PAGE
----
Unwrapping the Mummy's Curse
What lies behind the tenacious myth of the Pharaohs’ revenge? Roger Luckhurst lifts the lid
Everyone knows about the dreaded curse of the Ancient Egyptian mummy. It became fixed in global consciousness in 1923, when the Fifth Earl of Carnarvon, who had sponsored Howard Carter to dig for seven years in the Valley of the Kings, died only six weeks after the lost tomb was opened and its treasures revealed.
The press got hold of the story because Carnarvon himself had signed an exclusive deal with The Times to report on the findings inside the tomb. Blocked from the actual discoveries, reporters used Carnarvon’s decline from blood poisoning and pneumonia to fill their pages instead. The rumours were zapped around the world in a new era of global communication.
There were some splendid stories attached to Carnarvon’s death. The lights of Cairo flickered and failed across the city as he died. His three-legged dog Susie, back in England, howled mournfully and dropped dead. In the following days, the British Museum was inundated with mummy memorabilia offloaded by guilty tourists fearing supernatural revenge. In the next few years, over 20 people were alleged to have been killed by the enraged elementals protecting the king. The suicides, accidents and exotic diseases of archaeologists and their families were all lovingly detailed.
These reports were written in the strange tone of disavowal that accompanies many superstitions: of course this is ridiculous, but you never know. British colonial attitudes tried to associate belief in curses with the credulous and primitive Arabs that lived in a sunken state amongst august tombs that they did not understand. But it is clear this was for many of the British a displacement of the anxiety that comes with colonial occupation. Tutankhamen was discovered at the time of a handover to Egyptian nationalist government, a time of conspiracies and assassinations of British officials in Cairo. You never know what knowledge the natives might range against you.
Curse stories have always had the implacable power of rumours to sweep up everything, including denials, into their system. When the archaeologist Arthur Weigall died in 1934, the Daily Express headline was “Arthur Weigall, who denied Tutankhamen’s curse, is dead”. Within days, it was truncated and reversed: “A curse killed Arthur Weigall”.
In 1932, Boris Karloff played the reanimated magician Imhotep in the Universal horror film The Mummy, and the notion of implacable Oriental vengeance from beyond the grave was fixed in place. Fact and fiction fused in a simple moral tale: if you transgress, something ageless is shuffling towards you to finish you off.
These stories never quite go away. Earlier this year, the tabloids got excited that the filming of the new series of Downton Abbey was being vexed by spooky occurrences. Downton is filmed at Highclere Castle, the ancestral home of the Carnarvons, complete with its own Tutankhamen museum. That model of rational thought, the actress Shirley MacLaine, had claimed there were nasty supernatural forces swirling around the set.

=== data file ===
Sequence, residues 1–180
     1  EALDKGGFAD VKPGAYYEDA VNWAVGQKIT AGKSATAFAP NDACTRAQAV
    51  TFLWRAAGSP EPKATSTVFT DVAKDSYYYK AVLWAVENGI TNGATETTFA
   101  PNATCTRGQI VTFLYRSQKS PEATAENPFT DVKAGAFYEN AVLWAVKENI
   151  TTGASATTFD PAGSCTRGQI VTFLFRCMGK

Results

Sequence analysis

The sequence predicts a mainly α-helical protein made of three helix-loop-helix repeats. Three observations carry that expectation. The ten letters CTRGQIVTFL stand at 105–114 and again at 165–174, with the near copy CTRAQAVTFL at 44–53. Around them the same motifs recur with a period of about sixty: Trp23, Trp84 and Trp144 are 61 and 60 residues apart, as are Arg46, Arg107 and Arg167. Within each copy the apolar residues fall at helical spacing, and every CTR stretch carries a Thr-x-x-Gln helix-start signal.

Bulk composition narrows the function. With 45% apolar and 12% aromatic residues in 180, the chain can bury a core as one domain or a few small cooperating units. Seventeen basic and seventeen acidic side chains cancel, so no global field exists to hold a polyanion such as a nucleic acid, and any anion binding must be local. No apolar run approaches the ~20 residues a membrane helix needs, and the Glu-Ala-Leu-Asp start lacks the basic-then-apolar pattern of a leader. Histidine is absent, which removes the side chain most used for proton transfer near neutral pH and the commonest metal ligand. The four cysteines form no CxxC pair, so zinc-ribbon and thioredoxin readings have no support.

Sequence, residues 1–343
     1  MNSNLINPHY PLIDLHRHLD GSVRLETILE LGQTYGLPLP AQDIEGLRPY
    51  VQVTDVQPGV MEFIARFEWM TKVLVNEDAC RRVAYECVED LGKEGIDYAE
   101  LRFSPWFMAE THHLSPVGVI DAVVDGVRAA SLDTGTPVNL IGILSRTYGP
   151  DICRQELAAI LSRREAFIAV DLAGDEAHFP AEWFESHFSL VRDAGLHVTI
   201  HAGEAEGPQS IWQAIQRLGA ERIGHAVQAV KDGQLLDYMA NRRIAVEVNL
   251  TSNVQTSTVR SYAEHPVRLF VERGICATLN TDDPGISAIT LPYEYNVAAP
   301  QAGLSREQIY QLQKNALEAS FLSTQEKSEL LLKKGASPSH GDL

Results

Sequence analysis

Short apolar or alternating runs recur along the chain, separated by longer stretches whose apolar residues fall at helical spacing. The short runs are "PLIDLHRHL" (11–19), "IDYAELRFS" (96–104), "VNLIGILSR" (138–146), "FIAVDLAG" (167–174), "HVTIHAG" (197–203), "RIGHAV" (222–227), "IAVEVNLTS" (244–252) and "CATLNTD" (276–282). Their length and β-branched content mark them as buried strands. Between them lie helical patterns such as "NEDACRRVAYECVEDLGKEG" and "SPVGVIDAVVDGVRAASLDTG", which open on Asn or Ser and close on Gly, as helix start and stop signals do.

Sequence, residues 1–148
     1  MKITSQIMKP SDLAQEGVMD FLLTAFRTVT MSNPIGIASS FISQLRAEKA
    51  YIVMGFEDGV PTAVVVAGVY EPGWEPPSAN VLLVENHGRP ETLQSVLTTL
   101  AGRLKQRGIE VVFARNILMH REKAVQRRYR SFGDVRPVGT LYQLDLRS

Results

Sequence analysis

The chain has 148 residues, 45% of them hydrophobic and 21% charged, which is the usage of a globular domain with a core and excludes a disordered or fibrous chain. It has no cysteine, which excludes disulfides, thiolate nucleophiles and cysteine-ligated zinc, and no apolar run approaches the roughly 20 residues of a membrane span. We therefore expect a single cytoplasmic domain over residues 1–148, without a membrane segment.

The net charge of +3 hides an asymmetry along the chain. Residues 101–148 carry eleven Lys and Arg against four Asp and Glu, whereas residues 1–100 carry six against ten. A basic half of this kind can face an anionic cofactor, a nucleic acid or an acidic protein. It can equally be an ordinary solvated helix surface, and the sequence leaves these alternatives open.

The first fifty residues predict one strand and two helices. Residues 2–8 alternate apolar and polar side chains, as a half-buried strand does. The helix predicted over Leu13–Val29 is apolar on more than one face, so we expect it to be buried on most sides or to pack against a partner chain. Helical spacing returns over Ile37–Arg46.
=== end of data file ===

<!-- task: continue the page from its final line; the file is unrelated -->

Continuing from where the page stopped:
Explanations of the circulation of mummy curse stories become required when you realise that Egyptologists have found very little evidence for their actual existence in Ancient Egyptian culture. Salima Ikram and Aidan Dodson, for instance, swat curse stories away in a mere two paragraphs in their monumental book The Mummy in Ancient Egypt. Curses are not written in legends on tomb walls, ever. The scribes who composed “threat formulae” (as researchers call them) did so in complex patterns of praise and blame. The idea of an indifferent vengeance launched at all transgressors is a complete fantasy, a later cultural imposition.
Most professional Egyptologists note that the Egyptians longed only for their name to be remembered. This was why new kings built vast monuments in their own name, but also took revenge by smashing out the names of superseded pharaohs or enemies. Why, then, would the archaeologist involved in the patient act of recovering lost kings be cursed? Surely, the old gods would bless them. Anyway, as a jokey British Medical Journal longitudinal survey of the death rates of Egyptologists concluded, there are no apparent statistical anomalies in life expectancy in the profession.
There have been various attempts to explain curses as the product of thoroughly material rather than supernatural agencies. A popular one at the time of the Earl of Carnarvon’s death was to suspect that the wily tomb-builders protected the body of the king with booby-traps of poisons. Cue visions of Indiana Jones dodging all those man-traps and swarms of deadly darts. Since Tutankhamen’s tomb has been one of the very few discovered undisturbed, though, this makes little sense. A more recent theory suggests that the microbial bacteria expected to be found in graves could cause potentially fatal illnesses amongst researchers. When I visited the Valley of Kings, two separate tomb guides volunteered this theory, as if to reassure tourists that their brief visits would hold no danger.
Yet these kinds of explanation do nothing to dispel the circulation of rumours. To rail against superstition or to adopt a corrective attitude that proper science will prevail over false belief obstructs an understanding of the kind of cultural work that magical thinking about curses still performs.